Tag Archives: Puna

Maybe Ten Bites

I’m mowing in a long-sleeved shirt, trying not to bump any palms, flinching every time I feel anything resembling a bite.

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I want to love this place, the good and the bad, the way the Hawaiians do, without fear. But the ants are here now.

They found us. Actually, they are all over Hawaii since 1999 when they arrived from Florida in our very own Puna suburb, Hawaiian Paradise Park. These are not the red fire ants I knew on the mainland.  These are from South America and have been spreading throughout the tropics for 100 years.

All the labyrinth ladies have them and, in fact, my first miserable week-long itchy bite was at the labyrinth itself back in May. I thought it was a spider. Different people react to the bites differently.

Then last month, while dragging bromeliads and hacking down vines and ginger gone wild, connecting to the land Hawaiian style, I got maybe ten bites. At Game Night, a week later, the bites were still driving me nuts.

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“Those are Little Fire Ant bites!” one of the ladies said when I called them spider bites.

“We don’t have fire ants,” I said, quoting the Bearded One, who quoted the former owner of the Hippie House, as I scratched fiercely under my breast for the 7th day.

“Uh, I think you do now,” she said.

One woman told of having the welts for three weeks and having to mix a paste with Domeboro powder to get relief. One told of getting a bite in her eye. I gasped.

All the ladies chimed in. Aloe, Tee Tree Oil, wash off with soap and water and apply vinegar —

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— wear long socks on your arms while weeding, call Zachary and Luna, call Justin, go to littlefireants.com. I wrote it all down.

“The worst thing you can do is nothing,” they chorused as I departed.

So I told the Bearded One. He set the prescribed peanut butter traps the next day.

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Within 20 minutes, the sticks and peanut butter were covered with the tiny red ants. I’ve hardly gone outside since. Too much itch.

Until this week.  When Justin came with his environmentally okay bait and sprayed.

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It takes only 5 or 6 hours for the ants to haul the poison to the queens, but mowing isn’t when I got bit before. The ants like the trees. You just bump a branch and they fall on you.

Earlier this month, before our son Austin (aka His Majesty) and his girlfriend Kunga left Hawaii for the mainland to visit family and seek their fortune, Austin and his friend Nate harvested 70 coconuts from several of our coconut palm trees.

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They used Nate’s “stand,” a little platform secured to the tree trunk as they climbed.

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“Did you get any fire ant bites?” I asked when Austin came in, sweaty and happy.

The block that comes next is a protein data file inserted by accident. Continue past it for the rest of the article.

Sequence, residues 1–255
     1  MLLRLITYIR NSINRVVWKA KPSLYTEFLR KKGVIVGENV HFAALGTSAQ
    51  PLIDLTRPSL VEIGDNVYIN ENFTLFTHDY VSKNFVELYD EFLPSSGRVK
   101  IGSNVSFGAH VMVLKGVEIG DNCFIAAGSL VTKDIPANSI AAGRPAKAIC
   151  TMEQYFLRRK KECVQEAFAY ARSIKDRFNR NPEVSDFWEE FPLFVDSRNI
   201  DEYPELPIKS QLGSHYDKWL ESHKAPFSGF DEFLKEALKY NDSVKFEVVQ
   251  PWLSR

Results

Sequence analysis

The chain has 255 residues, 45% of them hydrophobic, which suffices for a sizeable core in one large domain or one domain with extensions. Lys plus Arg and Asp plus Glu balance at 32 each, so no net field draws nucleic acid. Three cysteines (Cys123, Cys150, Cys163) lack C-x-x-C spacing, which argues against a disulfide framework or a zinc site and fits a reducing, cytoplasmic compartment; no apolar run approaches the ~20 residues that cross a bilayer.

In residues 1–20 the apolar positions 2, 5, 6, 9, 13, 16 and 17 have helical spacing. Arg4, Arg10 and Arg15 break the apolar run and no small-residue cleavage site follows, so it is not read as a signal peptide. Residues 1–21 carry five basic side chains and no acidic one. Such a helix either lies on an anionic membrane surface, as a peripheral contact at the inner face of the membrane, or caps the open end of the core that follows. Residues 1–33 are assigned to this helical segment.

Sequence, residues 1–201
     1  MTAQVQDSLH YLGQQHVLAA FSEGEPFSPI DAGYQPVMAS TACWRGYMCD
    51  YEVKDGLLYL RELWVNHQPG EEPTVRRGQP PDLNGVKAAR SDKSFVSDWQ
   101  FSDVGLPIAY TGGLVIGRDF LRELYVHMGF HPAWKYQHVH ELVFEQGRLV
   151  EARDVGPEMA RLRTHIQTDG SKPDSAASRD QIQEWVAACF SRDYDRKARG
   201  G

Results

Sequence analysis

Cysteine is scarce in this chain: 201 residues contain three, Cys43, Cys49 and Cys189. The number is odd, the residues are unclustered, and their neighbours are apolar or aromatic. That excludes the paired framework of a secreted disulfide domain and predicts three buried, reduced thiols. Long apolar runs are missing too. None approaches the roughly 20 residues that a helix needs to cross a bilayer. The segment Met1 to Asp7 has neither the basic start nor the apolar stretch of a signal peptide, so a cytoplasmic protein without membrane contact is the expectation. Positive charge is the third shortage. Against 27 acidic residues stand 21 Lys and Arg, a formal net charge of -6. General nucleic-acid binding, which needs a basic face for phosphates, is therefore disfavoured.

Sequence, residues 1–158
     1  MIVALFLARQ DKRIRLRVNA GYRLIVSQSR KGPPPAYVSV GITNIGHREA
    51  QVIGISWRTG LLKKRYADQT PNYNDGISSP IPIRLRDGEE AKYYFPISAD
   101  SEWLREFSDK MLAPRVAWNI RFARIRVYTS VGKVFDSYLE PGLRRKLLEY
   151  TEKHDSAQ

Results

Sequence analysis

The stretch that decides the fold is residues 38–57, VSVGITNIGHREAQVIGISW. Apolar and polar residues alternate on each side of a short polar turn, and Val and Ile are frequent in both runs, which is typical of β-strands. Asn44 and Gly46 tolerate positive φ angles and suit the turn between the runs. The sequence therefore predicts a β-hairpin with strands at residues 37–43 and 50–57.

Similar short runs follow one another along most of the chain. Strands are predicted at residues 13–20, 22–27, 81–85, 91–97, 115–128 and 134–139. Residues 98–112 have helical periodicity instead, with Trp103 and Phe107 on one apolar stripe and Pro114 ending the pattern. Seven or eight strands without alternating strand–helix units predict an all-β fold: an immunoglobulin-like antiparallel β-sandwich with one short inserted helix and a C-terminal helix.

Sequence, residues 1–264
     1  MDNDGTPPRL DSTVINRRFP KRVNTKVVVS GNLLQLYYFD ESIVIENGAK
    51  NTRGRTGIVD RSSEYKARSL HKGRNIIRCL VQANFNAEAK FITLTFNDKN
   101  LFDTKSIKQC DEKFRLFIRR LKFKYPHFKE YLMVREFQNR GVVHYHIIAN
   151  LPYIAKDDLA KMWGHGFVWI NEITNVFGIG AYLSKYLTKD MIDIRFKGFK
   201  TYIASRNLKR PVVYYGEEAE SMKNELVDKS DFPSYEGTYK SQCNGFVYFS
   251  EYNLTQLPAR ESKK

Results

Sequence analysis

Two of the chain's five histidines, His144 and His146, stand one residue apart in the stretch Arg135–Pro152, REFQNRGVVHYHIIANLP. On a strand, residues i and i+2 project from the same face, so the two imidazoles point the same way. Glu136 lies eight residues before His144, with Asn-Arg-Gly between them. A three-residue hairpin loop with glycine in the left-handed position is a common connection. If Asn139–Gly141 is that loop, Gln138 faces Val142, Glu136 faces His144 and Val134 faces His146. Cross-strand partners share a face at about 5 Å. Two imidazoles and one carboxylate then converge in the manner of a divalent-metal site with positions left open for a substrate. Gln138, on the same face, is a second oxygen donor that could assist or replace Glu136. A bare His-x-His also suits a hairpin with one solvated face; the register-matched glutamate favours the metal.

“About fifty,” he said.  “They really rained down.”

“FIFTY!” I was horrified. I would die.

“I get them all the time, Mom. They’re not THAT bad.” This is pretty much exactly what the Bearded One says.

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“Go take a shower!” I said, trying to save him. “Wash with soap and water! Vinegar! Aloe!”

He agreed, probably just to cool off.

As he showered, Kunga and I looked out the kitchen window. At Nate. Who lay flat on his back on the ground under the clothesline.

“What’s he doing?!” I asked. “Is he okay?? He could get bitten!”

Kunga smiled. “Grounding,” she said sweetly. “Just grounding. Listen to him.”

He was chanting. Fearless in the face of the ants, grateful to be here on this wondrous island in the middle of the Pacific Ocean, living a lovely yoga-esque spirituality that not even the risk of a fire ant bite can wreck.

As I mow, I’m noticing places that I want to clean out, pineapple islands grown over with weeds and vines, drooping palm leaves. I also notice 10 different blooming red flowers, a pair of yellow birds, several blue dragonflies, and a neon green gecko. The Bearded One hauls my grass clippings to his now THREE banana beds. He hasn’t had a fire ant bite all week.

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I admire the new shed, the Bearded One’s 60th birthday present, which sits in the back corner of the acre under shading palms.

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The garden tools will be so easy to access. Soon, I think, soon the ants will be gone.

Finally I dump the last catcher-full of clippings onto the banana bed next to the clothesline as it starts to rain. Two more days and we’ll put out the peanut butter traps again, I think, as I run for the house. See if we still have the ants. And even if there are a few, which we’ll continue to treat, I vow to lie down under the clothesline, when it’s not raining, and when the Bearded One isn’t watching, and ground myself deeper still in the Big Island.